As part of the study, researchers analyzed changes in participants' MRIs and cerebrospinal fluid as well as in responses to pain, pressure and other sensation. The investigators are looking for clues to identify injury processes at a cellular level and avenues for potential regeneration and healing.

The spinal cord has limited ability to repair its cells or make new ones. Patients typically experience most of their recovery in the first six to 12 months after injuries occur. Improvement generally stops 12 to 24 months after injury.

One unexpected outcome of the trial was that two patients with cervical spine injuries of the neck received stem cells 22 months after their injuries and improved one level on the ASIA scale after treatment. Two of three patients with complete injuries of the thoracic spine—meaning they had no feeling or movement below their injury between the base of the neck and mid-back—moved up two ASIA levels after treatment.

Each regained some sensation and some control of movement below the level of injury. Based on researchers' understanding of traumatic thoracic spinal cord injury, only 5% of people with a complete injury would be expected to regain any feeling or movement.

"In spinal cord injury, even a mild improvement can make a significant difference in that patient's quality of life," Dr. Bydon says.

Research continues into stem cells for spinal cord injuries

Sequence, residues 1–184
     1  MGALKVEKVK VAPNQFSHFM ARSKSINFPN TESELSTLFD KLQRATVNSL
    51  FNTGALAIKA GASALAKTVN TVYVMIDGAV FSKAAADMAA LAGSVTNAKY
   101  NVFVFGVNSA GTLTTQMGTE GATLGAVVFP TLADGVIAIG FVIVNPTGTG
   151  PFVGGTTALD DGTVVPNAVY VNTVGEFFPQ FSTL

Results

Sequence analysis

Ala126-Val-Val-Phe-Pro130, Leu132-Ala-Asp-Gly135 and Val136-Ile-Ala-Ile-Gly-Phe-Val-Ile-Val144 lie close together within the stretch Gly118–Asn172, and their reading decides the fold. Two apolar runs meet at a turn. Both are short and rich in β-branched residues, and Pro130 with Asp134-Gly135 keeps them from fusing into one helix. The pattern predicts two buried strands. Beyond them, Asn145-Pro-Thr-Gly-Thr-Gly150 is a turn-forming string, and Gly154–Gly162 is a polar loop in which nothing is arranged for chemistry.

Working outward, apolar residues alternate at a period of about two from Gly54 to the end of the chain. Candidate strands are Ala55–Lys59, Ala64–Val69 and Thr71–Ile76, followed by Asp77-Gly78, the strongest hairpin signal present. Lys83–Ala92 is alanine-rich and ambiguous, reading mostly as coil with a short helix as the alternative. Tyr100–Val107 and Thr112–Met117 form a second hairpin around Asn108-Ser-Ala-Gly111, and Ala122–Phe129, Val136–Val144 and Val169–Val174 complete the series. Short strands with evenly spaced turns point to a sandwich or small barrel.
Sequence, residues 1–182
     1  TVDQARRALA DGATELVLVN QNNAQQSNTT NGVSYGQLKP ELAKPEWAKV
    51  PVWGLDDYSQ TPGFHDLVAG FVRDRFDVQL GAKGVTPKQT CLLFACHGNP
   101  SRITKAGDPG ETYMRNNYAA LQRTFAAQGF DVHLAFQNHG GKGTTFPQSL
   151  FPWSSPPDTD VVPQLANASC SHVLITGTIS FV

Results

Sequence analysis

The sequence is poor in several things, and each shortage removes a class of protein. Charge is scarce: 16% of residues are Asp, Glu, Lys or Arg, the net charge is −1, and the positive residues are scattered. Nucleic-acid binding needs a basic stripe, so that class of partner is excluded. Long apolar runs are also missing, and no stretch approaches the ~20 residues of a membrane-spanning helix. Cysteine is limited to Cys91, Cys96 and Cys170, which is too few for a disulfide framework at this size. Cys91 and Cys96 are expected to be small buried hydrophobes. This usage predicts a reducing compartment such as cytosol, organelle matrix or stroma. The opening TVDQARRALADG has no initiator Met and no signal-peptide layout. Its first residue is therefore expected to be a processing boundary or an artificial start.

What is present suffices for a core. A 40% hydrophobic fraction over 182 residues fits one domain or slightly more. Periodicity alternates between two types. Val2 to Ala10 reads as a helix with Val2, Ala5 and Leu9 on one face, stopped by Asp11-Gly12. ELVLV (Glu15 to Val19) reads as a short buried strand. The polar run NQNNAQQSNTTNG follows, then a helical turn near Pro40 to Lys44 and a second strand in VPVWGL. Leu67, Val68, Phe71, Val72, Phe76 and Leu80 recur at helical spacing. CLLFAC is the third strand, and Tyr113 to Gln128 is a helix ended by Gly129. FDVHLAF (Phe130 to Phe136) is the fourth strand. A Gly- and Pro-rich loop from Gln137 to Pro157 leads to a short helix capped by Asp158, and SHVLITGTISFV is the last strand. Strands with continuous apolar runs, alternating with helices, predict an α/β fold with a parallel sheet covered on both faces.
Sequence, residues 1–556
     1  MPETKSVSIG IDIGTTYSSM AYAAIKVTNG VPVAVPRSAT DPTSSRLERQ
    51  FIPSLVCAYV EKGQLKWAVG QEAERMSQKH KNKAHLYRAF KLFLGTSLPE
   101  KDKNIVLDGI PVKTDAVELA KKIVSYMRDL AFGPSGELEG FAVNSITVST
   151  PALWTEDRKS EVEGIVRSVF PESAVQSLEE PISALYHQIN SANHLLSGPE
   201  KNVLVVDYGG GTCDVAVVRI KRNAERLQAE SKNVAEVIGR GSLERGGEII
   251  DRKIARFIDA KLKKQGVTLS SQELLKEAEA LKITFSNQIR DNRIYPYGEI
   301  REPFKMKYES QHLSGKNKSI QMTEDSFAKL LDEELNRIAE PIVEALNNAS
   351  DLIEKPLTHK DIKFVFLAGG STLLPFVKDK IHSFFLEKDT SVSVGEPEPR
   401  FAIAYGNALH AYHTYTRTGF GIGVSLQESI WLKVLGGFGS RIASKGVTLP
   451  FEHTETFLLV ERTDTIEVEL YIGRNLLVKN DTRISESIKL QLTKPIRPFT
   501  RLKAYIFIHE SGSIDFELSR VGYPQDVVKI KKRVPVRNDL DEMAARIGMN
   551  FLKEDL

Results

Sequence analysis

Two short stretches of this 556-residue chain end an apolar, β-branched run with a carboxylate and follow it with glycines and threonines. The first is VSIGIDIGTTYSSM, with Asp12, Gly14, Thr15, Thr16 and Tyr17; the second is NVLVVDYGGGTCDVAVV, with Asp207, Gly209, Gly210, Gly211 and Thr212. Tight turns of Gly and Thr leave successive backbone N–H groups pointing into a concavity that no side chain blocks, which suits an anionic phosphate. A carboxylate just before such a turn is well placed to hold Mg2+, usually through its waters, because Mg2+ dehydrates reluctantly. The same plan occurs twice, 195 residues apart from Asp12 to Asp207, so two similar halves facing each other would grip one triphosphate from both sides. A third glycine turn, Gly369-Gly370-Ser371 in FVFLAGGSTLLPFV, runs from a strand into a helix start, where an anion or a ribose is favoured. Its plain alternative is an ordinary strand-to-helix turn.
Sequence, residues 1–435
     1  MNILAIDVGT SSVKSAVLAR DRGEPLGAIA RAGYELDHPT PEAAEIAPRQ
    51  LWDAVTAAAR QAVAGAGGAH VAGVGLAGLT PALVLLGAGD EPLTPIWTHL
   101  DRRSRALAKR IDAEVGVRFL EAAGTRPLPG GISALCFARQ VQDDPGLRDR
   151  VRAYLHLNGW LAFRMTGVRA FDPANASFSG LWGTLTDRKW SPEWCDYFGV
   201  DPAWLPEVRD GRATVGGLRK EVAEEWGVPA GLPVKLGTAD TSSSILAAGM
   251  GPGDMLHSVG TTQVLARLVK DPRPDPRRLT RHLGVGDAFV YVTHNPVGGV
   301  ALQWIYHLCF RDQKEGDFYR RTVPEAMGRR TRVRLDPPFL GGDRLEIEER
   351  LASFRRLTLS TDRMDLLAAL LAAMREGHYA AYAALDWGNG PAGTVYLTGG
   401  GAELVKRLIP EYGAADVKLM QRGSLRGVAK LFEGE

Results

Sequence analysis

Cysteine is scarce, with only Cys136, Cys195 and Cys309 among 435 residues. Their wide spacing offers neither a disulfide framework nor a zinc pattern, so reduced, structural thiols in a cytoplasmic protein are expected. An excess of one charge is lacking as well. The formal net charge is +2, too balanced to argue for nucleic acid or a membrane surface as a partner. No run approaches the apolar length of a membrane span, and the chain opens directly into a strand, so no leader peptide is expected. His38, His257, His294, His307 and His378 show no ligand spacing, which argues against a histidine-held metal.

Stem cells are used mainly in research in the U.S., and fat-derived stem cell treatment for spinal cord injury is considered experimental by the Food and Drug Administration.

Between 250,000 and 500,000 people worldwide suffer a spinal cord injury each year, according to the World Health Organization.

An important next step is assessing the effectiveness of stem cell therapies and subsets of patients who would most benefit, Dr. Bydon says. Research is continuing with a larger, controlled trial that randomly assigns patients to receive either the stem cell treatment or a placebo without stem cells.

"For years, treatment of spinal cord injury has been limited to supportive care, more specifically stabilization surgery and physical therapy," Dr. Bydon says.

"Many historical textbooks state that this condition does not improve. In recent years, we have seen findings from the medical and scientific community that challenge prior assumptions. This research is a step forward toward the ultimate goal of improving treatments for patients."

More information: Mohamad Bydon et al, Nature Communications (2024).

Citation: Study documents safety, improvements from stem cell therapy after spinal cord injury (2024, April 1) retrieved 1 April 2024 from

This document is subject to copyright. Apart from any fair dealing for the purpose of private study or research, no part may be reproduced without the written permission. The content is provided for information purposes only.

Facebook Comments


We’re glad to see you’re enjoying Prova Education…
but how about a more personalized experience?

Register for free